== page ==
The trustee in a REIT, on the other hand, has more rights, duties and responsibilities in managing the trust on behalf of the investors, other than just holding the ownership in the immovable property on behalf of the investors (a passive trustee).
Nevertheless, as with other REITs, the trustee of a trust established by an issuer under the real estate-backed ICO must hold the immovable property for the benefit of the digital token holders, to prevent the immovable property of the SPV from being disposed of, transferred or encumbered without the trustee’s approval, in accordance with the trust deed. Apart from duties listed in the recent notification issued by the SEC in regard to trustee of a real-estate backed ICO that has come into effect as of 1 March 2021, the real-estate backed ICO trustee will need to monitor if the issuer is managing the property in accordance with the prospectus, business plan and applicable laws.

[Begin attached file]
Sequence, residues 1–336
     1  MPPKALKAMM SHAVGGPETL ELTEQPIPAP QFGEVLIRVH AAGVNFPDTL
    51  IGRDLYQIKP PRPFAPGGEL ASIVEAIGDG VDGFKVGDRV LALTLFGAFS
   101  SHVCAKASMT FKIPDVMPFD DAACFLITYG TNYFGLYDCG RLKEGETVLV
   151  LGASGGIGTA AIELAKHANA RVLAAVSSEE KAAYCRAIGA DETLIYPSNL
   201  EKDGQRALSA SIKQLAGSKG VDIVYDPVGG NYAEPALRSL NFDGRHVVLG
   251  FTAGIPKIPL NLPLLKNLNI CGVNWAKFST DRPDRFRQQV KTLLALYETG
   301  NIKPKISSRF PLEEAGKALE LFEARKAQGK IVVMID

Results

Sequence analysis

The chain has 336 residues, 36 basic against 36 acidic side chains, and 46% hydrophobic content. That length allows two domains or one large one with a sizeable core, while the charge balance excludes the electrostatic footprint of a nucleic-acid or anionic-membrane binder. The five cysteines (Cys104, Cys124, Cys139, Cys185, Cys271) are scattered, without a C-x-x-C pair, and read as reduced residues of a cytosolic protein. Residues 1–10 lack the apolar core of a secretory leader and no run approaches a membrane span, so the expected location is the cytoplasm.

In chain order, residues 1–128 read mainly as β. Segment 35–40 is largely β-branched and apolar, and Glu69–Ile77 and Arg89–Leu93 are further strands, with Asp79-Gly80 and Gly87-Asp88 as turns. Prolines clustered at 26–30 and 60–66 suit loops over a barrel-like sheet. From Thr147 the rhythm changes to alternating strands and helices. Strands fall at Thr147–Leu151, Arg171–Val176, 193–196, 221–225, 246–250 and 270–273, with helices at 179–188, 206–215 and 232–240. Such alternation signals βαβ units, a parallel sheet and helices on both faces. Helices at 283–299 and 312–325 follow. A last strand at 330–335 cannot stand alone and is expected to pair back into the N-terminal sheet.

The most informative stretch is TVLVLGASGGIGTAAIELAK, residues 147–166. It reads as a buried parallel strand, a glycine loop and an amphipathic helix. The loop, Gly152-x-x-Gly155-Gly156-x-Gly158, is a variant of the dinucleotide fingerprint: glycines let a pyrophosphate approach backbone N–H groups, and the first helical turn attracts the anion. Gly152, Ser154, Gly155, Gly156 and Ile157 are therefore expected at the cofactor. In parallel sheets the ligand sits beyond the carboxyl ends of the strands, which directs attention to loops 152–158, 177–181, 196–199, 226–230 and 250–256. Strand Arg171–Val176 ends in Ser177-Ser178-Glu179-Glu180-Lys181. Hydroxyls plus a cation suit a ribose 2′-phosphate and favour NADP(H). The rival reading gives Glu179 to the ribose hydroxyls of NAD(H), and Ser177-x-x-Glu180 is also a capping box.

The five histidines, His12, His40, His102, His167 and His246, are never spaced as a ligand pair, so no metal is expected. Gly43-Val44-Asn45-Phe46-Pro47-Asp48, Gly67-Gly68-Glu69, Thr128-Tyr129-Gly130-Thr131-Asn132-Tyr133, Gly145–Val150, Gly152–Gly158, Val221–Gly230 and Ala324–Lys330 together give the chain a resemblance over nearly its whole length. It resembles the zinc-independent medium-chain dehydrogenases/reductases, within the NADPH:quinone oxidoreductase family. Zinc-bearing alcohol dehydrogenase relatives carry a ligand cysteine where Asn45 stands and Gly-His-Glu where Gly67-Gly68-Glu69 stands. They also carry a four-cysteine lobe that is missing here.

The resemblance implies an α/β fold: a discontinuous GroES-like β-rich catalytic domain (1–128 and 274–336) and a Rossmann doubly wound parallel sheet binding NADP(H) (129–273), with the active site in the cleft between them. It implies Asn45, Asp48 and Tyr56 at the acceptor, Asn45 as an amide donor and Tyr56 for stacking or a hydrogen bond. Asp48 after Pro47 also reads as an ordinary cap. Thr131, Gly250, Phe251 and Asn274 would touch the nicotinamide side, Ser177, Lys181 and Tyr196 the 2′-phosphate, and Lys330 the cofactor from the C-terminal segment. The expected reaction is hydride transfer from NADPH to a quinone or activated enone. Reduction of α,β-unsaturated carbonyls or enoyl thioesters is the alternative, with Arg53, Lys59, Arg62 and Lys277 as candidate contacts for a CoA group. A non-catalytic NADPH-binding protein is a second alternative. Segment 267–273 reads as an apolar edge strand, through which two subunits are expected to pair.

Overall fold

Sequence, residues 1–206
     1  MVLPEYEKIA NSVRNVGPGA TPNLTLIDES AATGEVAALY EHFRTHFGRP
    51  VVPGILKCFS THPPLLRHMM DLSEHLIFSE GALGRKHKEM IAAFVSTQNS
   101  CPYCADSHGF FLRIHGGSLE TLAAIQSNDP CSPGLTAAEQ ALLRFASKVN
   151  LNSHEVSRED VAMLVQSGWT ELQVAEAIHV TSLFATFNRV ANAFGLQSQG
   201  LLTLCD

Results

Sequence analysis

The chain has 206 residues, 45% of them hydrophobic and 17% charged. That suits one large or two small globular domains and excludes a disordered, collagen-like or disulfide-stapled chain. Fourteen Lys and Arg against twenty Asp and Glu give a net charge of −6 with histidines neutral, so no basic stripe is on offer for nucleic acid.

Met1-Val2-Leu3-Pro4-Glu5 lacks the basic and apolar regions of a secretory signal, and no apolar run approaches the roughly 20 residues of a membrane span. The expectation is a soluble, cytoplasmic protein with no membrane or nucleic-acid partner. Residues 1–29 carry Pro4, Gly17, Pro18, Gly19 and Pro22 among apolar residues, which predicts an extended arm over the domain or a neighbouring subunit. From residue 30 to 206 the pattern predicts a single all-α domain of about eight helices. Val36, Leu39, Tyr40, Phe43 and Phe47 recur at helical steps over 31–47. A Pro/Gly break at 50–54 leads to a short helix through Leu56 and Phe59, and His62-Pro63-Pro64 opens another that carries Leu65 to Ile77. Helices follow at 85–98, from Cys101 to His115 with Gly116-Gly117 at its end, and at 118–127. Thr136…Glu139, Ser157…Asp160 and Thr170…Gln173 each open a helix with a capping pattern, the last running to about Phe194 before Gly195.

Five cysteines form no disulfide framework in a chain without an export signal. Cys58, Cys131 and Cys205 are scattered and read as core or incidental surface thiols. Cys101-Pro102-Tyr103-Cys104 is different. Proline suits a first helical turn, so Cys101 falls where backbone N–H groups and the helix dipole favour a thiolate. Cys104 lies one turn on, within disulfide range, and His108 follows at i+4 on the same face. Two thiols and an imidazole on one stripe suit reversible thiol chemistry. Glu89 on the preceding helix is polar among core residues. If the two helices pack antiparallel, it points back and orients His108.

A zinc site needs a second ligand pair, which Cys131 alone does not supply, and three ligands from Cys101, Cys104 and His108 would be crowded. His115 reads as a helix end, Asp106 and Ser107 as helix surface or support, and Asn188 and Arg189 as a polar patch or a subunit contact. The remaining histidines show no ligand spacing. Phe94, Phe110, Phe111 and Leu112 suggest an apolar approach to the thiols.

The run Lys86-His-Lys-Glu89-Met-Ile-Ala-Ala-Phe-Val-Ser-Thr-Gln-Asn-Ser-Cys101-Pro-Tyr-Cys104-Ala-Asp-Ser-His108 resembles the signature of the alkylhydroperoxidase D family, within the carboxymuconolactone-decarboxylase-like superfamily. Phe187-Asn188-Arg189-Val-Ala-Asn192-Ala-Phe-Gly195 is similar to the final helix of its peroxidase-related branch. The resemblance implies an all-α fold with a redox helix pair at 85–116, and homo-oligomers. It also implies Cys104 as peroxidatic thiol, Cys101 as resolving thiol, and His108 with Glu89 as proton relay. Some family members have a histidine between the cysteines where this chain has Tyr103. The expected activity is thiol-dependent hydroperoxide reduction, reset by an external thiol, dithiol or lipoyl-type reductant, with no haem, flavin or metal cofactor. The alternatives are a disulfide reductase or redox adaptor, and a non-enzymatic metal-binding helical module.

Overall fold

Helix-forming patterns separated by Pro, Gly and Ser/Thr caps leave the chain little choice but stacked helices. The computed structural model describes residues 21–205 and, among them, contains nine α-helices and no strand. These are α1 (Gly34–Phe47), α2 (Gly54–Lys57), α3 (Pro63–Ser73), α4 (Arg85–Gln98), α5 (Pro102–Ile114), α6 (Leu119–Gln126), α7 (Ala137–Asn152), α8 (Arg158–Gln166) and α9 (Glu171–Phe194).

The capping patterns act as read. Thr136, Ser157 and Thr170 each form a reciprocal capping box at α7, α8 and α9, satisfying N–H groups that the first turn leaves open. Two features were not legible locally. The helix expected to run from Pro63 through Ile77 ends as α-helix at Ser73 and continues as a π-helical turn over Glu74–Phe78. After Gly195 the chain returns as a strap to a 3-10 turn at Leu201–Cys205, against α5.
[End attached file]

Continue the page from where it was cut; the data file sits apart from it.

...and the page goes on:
Pursuant to the current law, an issuer who wishes to tokenise its immovable property via a real estate-backed ICO must be a juristic entity. Such immovable property must be fully completed and ready to be utilised. Based on the recent amended notification issued on 1 March 2021, the real estate to be tokenised must not be a single condo unit or house and must constitute more than 80% in number or investment value of the project or in aggregate of not less than THB500 million (US$16.4 million).